Which translates to soemthing like “C:\Program Files(x86)\MyCompany\bin\foo.dll”
But this may not always be true, what happens when your user wants to install to a custom installation directory? The ESRIRegAsm.exe tool will always fire against – C:\Program Files(x86)\MyCompany\bin\foo.dll, and not where the user selected to install! – it’s basically hard wired so that means your customers could have problems trying to install your software. It’s better to use:
Which is basically the value you get back from this stage in the installation process (although it’s not very clear as you don’t see that as a variable in the properties window for this stage!):
This will then run ESRIRegAsm.exe against where the user decided to install your dll’s, properly installing the dlls into ArcMap etc. This is, I believe more foolproof. However if I have got this wrong, I’m happy to be proved wrong 🙂
Now and again you may find yourself developing an application outside of ArcMap i.e. essentially an ArcEngine app.
I was developing an application that accessed an mxd via the IMapDocument interface and tried to persist a change in the map scale in the Layout View. Every time I changed the scale and saved the mxd – however the original scale would not change and the programmatic new scale was ignored!
This was very frustrating indeed, I was sure that there must be a way to persist this change as it’s not exactly NASA missile launch code – I’m just trying to change a scale damn it!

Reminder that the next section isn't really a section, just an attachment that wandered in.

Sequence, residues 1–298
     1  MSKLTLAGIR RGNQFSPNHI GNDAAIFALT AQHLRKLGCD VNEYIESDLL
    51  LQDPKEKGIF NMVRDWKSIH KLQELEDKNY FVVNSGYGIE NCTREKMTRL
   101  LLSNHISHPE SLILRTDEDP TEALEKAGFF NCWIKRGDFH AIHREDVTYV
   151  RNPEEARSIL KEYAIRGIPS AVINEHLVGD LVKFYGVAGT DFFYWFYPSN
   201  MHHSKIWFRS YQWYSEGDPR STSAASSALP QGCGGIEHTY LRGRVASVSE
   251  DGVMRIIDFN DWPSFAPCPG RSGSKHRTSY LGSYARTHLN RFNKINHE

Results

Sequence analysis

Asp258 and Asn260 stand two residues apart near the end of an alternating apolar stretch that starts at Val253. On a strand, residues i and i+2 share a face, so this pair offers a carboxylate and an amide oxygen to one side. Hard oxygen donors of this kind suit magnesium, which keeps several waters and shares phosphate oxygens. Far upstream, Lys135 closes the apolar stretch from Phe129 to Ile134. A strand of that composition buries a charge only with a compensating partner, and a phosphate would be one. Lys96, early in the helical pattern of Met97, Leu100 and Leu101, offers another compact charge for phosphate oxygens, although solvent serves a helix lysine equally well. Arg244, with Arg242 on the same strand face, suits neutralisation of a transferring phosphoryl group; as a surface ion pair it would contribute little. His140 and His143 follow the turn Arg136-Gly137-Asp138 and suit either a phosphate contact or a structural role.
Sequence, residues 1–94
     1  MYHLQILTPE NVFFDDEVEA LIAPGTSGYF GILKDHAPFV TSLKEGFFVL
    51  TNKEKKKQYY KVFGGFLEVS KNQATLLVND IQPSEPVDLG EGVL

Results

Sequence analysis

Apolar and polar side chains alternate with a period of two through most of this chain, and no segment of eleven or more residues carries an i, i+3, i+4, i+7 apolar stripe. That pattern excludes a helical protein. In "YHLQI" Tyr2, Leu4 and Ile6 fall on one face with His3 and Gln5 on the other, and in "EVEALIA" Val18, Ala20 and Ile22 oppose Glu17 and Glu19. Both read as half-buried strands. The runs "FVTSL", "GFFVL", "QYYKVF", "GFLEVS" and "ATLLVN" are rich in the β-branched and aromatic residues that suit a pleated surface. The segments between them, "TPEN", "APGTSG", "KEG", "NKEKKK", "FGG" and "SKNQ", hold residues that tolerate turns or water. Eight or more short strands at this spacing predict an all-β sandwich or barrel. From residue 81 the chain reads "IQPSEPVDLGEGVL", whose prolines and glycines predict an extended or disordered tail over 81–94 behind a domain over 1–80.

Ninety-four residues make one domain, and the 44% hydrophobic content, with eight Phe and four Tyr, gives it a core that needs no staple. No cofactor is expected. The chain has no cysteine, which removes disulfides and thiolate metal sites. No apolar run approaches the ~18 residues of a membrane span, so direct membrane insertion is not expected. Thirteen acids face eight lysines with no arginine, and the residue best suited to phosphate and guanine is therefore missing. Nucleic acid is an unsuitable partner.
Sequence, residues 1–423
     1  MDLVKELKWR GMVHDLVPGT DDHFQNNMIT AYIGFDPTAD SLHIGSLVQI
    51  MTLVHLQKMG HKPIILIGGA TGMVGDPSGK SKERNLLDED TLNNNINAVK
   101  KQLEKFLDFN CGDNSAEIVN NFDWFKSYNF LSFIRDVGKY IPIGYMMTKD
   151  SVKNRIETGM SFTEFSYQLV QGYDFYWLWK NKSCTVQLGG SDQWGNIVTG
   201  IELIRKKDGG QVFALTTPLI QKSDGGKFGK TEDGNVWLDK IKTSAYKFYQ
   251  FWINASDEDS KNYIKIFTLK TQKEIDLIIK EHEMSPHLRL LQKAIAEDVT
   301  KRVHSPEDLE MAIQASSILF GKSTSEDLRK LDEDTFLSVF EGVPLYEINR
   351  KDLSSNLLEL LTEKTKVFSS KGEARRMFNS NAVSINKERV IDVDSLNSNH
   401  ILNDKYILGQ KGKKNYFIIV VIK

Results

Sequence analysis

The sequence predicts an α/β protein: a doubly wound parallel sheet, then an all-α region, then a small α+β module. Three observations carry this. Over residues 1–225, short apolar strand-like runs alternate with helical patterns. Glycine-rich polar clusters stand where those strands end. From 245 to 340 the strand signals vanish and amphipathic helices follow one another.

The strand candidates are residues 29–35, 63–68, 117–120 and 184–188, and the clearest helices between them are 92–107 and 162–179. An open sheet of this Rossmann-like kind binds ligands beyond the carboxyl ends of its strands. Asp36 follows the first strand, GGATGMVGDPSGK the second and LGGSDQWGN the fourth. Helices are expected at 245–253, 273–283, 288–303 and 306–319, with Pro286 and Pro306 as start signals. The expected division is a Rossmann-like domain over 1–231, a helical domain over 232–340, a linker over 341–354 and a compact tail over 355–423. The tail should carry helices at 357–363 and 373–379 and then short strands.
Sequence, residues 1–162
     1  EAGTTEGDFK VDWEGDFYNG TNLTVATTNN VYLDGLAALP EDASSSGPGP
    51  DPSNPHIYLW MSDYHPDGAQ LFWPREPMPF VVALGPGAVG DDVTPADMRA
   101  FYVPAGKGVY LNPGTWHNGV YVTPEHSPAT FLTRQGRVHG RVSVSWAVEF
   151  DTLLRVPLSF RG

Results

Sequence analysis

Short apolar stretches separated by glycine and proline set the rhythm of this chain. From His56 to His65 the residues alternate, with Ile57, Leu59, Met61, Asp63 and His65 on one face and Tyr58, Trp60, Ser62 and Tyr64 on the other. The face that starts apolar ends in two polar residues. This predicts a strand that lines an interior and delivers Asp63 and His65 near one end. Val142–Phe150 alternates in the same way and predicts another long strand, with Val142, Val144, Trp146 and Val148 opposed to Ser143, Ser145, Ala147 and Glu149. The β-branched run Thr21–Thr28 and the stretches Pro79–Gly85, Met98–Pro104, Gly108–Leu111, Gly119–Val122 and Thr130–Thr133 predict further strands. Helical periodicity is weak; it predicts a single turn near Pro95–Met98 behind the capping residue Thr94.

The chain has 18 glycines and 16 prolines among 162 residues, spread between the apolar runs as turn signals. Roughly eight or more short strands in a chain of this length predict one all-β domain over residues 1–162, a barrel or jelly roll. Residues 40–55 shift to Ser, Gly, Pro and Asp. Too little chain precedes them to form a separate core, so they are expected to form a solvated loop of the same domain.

Anyway, it so happens that there is a fix, but it’s kind of unusual and not exactly intuitive or obvious to the developer coming at this problem cold.
Firstly we have to make use of some win32 API calls and most importantly to call IActiveView.Activate and pass our call to GetDesktopWindow(). This does the trick and is absolutely essential if you want to get this kind of change persisted. Take a look at the code below to see how it’s done:
public static extern int GetDesktopWindow();
private void ChangeMyScale()
mapDoc = new MapDocumentClass();
IPageLayout pageLayout = mapDoc.PageLayout;
IActiveView activeView = (IActiveView)pageLayout;
activeView = (IActiveView) mapDoc.PageLayout;
activeView.Activate(GetDesktopWindow()); //Key line!!
mapDoc.ActiveView.FocusMap.MapScale = 10000; //Now we can change the scale!!
MessageBox.Show(@"We have an mxd called:" + mapDoc.DocumentFilename +
"\nExtent: 1 to " + mapDoc.ActiveView.FocusMap.MapScale);
Other things to bear in mind, code such as:
only sets the view for the application as PageLayout, in order to get control of the specified window you have to use the Activate method:
When working with the IActiveView interface on a MapDocument object, you should always first call IActiveView::Activate() in order to properly initialize the display of the PageLayout or Map object.
The MxDocument, MapServer objects, MapControl and PageLayoutControl all initialise display objects automatically after opening an MXD, but MapDocument DOES NOT DO THIS, so you should call Activate() before working with any other members of IActiveView.
So to summarise, if your application has a user interface, you should call Activate() with the hWnd of the application’s client area. If your application runs in the background and has no windows, you retrieve a valid hWnd from the GDI GetDesktopWindow() function, part of the Win32 API.
I am hopeful that ESRI will change this so that you don’t have to, what I view totally unnecessary calls to the Windows API etc. Maybe it will be fixed properly in version 10 or some other update to that, but I wouldn’t hold your breath!
Anyway I hope it’s useful to you and stops you burning lots of valuable dev time!